Contenido principal del artículo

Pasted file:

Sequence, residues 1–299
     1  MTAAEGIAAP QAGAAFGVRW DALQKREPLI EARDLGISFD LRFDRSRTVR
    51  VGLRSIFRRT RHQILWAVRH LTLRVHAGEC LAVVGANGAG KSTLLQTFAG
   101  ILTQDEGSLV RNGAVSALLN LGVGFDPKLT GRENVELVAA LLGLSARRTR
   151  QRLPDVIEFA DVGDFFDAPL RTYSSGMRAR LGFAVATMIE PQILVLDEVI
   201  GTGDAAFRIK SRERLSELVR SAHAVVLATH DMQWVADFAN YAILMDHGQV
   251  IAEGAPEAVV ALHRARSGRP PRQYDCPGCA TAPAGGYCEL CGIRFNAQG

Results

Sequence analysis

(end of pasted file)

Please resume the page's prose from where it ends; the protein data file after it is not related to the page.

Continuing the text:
Constructivist approaches to regionalism underscore the role of identity and institutions in explaining the unfolding of regionalist projects. Constructivism emphasizes relationships of mutual reinforcement between collective identity and regional institutions once these institutions are created. Identity and institutions are often seen as mutually constituted and caused, but constructivist analyses of regionalism conceptualize these relationships in different manners. Through revising the ontological differentiation between relationships of constitution and causation, this paper shows that constructivism faces serious challenges in providing explanations for the unfolding of regionalism. This paper reviews a number of constructivist approaches that conceptualize in different ways the relationships of constitution and causation between collective identity and regional institutions. While some approaches suggest that regional institutions can be caused by a pre-existing collective identity, some others assert that collective identity can be caused by the creation of regional institutions, where the causes of such creation remain open to other factors. The aim of this paper is to reflect on the capability of constructivism to simultaneously provide constitutive and causal explanations for the unfolding of regionalism. The paper shows that constructivist approaches to regionalism tend to be confusing in the differentiation between constitution and causation, and the consequence is that constructivism usually falls into ‘under-explanation’ or ‘under-specification’ in meeting the end of ‘explaining’ why and how regionalism unfolds. In turn, the paper suggests that constructivism needs to broaden and specify more deeply the conceptualization of causal relationships in this case in order to provide better explanations for the ways in which regionalism develops.